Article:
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Logo of ijrInternational Journal of Rheumatology
Int J Rheumatol. 2010; 2010: 846063.
Published online 2010 October 26. doi:  10.1155/2010/846063
PMCID: PMC2964912

Successful Treatment of ANCA-Negative Wegener's Granulomatosis with Rituximab


Wegener's Granulomatosis (WG) is a systemic vasculitis typically associated with antineutrophil cytoplasmic antibodies (ANCAs). A small proportion of patients are ANCA negative, however, and this is more commonly found in individuals with disease limited to the ears, nose, throat, and lungs, who do not have renal involvement. Rituximab is a monoclonal anti-CD20 antibody that has been demonstrated to be effective in the treatment of autoantibody-associated rheumatic diseases, including systemic WG. We report the case of a patient with ANCA-negative WG who responded well to rituximab, illustrating that even in the absence of detectable autoantibodies, B-cell depletion can be effective.

1. Introduction

Up to 40% of patients with WG whose disease is limited to ear, nose, throat (ENT), and lung manifestations are ANCA-negative [1]. The role of rituximab in the treatment of limited WG or ANCA-negative disease remains uncertain. We report a case of a 21-year-old female with ANCA-negative WG limited to ENT and lung involvement, who responded well to rituximab with resolution of symptoms, normalisation of inflammatory markers, and reduction of steroid therapy.

2. Case

A 20-year-old woman presented with a five-week history of otalgia, ear discharge, and deafness. There were no additional systemic symptoms or signs. Audiometry showed bilateral conductive hearing loss. She initially received antibiotics; however due to severe otalgia, she had bilateral myringotomies with grommet insertion without improvement. CT and MRI revealed fluid in the middle ear clefts and mastoid cells bilaterally. Blood tests showed a C-reactive protein (CRP) of 50 mg/l, normal full blood count, renal and liver function tests, and a negative ANCA. Urinalysis was negative. Oral prednisolone 60 mg daily resulted in some symptomatic improvement. Seven weeks later, she developed a left lower motor facial nerve palsy and reduced sensation in the middle third of her face. Repeat MRI showed bilateral middle ear inflammation but no additional intracranial abnormalities. Further oral steroids again improved her symptoms. Nasal and middle ear biopsies revealed evidence of a necrotising inflammatory process, but no features of infection.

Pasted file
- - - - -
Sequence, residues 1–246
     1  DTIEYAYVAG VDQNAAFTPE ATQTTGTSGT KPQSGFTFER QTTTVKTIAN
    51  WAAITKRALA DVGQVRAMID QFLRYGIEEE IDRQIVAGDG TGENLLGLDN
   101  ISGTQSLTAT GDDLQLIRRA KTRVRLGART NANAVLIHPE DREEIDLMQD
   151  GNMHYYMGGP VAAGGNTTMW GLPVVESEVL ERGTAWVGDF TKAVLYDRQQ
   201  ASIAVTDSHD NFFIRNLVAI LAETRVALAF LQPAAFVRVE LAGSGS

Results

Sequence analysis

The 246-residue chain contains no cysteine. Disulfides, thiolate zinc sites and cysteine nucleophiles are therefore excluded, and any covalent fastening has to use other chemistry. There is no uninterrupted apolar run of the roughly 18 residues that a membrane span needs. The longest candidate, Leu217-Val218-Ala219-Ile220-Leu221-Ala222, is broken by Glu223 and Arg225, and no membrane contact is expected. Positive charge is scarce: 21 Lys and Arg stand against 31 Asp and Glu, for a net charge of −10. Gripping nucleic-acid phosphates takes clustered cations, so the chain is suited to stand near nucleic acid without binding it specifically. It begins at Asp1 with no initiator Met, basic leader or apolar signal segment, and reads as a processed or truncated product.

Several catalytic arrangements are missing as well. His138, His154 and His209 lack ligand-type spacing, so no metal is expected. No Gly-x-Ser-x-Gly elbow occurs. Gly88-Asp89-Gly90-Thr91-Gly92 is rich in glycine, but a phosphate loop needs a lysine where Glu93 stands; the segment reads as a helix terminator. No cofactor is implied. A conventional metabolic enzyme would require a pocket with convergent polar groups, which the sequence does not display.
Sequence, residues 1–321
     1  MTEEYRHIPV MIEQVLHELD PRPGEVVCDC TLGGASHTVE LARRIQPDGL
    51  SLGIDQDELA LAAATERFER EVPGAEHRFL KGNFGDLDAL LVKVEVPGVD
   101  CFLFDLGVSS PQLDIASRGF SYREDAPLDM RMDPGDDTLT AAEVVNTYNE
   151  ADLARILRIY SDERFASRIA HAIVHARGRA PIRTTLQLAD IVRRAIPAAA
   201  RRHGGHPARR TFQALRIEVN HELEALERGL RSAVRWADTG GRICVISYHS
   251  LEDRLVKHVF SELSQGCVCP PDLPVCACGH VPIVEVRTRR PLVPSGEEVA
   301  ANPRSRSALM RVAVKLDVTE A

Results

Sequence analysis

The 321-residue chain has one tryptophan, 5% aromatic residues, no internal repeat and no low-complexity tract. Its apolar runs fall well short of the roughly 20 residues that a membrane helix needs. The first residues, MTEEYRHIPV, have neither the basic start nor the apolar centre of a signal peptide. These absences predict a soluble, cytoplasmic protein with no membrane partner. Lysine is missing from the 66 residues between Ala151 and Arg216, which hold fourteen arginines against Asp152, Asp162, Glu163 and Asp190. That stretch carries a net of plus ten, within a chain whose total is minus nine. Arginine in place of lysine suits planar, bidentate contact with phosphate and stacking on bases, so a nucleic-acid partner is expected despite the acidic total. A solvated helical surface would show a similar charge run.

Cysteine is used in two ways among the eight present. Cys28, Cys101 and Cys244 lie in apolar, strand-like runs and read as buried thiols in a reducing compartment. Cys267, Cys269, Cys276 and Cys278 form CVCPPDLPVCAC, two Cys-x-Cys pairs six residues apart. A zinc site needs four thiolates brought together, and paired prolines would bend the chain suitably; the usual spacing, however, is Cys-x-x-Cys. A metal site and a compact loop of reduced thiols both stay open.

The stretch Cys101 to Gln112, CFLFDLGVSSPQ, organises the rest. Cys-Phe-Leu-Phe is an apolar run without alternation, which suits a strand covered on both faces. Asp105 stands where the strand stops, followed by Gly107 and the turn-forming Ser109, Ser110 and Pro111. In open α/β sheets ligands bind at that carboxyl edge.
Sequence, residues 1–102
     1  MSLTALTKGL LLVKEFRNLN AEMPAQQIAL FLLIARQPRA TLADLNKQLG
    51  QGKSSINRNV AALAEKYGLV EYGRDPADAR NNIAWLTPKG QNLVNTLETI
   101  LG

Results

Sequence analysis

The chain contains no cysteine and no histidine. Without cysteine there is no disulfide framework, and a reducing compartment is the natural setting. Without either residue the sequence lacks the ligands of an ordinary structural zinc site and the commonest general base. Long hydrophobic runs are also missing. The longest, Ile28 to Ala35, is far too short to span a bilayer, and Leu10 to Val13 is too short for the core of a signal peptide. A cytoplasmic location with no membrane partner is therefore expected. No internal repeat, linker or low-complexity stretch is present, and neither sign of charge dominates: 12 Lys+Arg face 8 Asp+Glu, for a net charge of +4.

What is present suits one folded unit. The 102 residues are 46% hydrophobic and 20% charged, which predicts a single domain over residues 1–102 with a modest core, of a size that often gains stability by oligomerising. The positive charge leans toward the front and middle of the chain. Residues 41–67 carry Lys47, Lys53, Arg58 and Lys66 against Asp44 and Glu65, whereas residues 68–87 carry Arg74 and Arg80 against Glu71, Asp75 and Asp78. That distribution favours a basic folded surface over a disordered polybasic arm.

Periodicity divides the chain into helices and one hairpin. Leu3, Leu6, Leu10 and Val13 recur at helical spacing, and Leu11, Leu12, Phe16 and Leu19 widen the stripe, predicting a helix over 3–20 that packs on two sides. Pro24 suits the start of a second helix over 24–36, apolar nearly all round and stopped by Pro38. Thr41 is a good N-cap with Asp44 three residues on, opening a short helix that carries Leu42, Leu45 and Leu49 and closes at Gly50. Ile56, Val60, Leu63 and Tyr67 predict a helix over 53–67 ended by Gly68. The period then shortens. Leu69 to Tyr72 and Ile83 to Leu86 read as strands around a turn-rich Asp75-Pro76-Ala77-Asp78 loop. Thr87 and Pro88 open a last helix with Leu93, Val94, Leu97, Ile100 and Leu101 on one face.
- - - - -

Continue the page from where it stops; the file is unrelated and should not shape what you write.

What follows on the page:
Further oral prednisolone improved the clinical symptoms with some subjective improvement in the facial weakness and general well-being, and reduction in CRP. Reducing steroids to 20 mg resulted in deterioration of symptoms, with increasing facial and ear pain plus a rise in CRP. With this further deterioration despite corticosteroids, a decision was taken to escalate therapy and she received cyclophosphamide with methylprednisolone plus cotrimoxazole, with slow improvement noted in her left ear hearing, clinical symptoms, and CRP. After three pulses, a CT scan of her lungs was requested to investigate a persistent cough. Despite normal repeat chest radiographs, cavitating lung lesions consistent with a diagnosis of WG were demonstrated. Other possible differential diagnoses including infections such as tuberculosis or Staphylococcus aureus abscesses were considered less likely due to the clinical and biochemical improvement with immunosupppression. She also developed a saddle nose deformity at this time. Relapsing polychondritis was thought to be unlikely given the pulmonary manifestations and the absence of external ear cartilage involvement. Histology had not shown atypical lymphocytes or histiocytes and so was not suggestive of midline granulomatosis.